MM: Did you always know that you wouldn’t use talking heads or more traditional interviews as part of the film’s construction? How did this more fluid form come about?
RB: We started with traditional interviews, just, of course, to understand how they lived, what their views were, how they did their jobs, and to collect information about when to come and what to capture. It was also good for them to relax, because if some stranger arrives with a camera and follows you, it’s a bit scary. That’s why we started with interviews and long conversations. We had probably about five hours of interviews with each of the sheriffs and the major. Later I realized I wanted to make the film in a more direct vein, when we started following them. We were filming them for three and a half years, but it wasn’t every day; sometimes we would be there for 10 days in a row without turning on the camera, waiting for things to happen.
RB: It was Canon C100 with Ninja-2 external recorder, which does ProRes422. We started our filming back in 2011—at that time this camera really impressed and inspired me! Very sensitive, nice filmic grain, ND filters, nice handle with joystick, possibility to zoom and check focus without stopping the camera. And it’s really solid—wind, rain, snow, sand—doesn’t meter. It just works.
RB: I always had a set of Zeiss Distagon with me, but most of the time I used Canon EF 24-105mm f/4L IS USM lens. When you work without an assistant and have to follow your characters without knowing their plan, you lose important moments while changing lenses. But having a stabilized zoom allows you to jump into the car, enter people’s houses, official buildings and make wide shots and close-ups very fast.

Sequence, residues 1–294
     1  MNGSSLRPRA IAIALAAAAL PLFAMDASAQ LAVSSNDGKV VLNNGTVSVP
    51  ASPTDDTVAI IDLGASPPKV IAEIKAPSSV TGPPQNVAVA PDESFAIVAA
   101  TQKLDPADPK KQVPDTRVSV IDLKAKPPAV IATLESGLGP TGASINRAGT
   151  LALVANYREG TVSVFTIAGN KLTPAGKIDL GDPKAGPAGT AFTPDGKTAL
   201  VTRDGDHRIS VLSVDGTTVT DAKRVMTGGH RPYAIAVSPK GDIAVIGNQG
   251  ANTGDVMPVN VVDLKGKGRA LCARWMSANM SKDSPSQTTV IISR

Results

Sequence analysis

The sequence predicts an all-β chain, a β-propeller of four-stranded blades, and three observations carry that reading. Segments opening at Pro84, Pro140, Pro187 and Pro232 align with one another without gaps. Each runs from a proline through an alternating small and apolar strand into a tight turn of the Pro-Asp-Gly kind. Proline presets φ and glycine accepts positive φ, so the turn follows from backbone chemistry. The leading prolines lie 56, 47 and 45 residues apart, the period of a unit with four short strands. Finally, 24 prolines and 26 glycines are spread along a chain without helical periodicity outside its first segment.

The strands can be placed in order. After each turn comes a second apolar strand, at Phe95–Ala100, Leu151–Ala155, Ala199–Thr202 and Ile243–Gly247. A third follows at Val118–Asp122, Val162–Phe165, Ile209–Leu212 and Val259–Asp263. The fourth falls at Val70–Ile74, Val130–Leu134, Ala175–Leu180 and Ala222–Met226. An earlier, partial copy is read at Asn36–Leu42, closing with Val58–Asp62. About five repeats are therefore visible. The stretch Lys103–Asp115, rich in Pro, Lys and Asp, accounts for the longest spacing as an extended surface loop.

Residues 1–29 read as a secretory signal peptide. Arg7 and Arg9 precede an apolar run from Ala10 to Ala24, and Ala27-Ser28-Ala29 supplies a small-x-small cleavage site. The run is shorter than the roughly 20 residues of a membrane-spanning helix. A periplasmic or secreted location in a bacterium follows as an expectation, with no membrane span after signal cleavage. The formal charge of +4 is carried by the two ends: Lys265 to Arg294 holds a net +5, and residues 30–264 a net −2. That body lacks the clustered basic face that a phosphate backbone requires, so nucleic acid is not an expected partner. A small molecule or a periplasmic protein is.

Film v.s. Digital
RB: We had more than 150 hours of material in the end. For observational documentary, film is not what I’d love to use.
RB: One LED panel only for dark interiors, like the village council or culture house, when I had an opportunity to be on the set in advance. In small rooms we used it as reflection from the ceiling, and in big halls, as backlight.
RB: Together with Latvian colorist Krišs Roziņš we wanted to support this comic tone of fairytale exposed in the film. Our intention was to add colors to this gloomy reality and create a subtle surreal shift, but not very visible. We used Davinci Resolve for grading and finishing.
RB: About 70 in total, but stretched throughout the period of three to five years. Sometimes we had 10 days in a row spent with our characters, waiting for some events, without turning on the camera.
RB: We started with zero budget, invested our own money and shot initial footage for the first trailer. The project was selected to the first pitch we applied, the East Doc Platform in Prague, where we won two prizes and met our first financier—people from the IDFA Bertha Fund, Netherlands. They supported us with 5,000 euro for development and later 15,000 euro for production purposes. With this money we could invite a professional soundman, stay on the set and continue our shooting. Later we pitched some episodes at DocsBarcelona and met someone from German TV’s ZDF ARTE. With that channel on board, we appeared on Polish, Latvian, Lithuanian, Estonian and Swedish TV and obtained 142,000 euro in kind. MM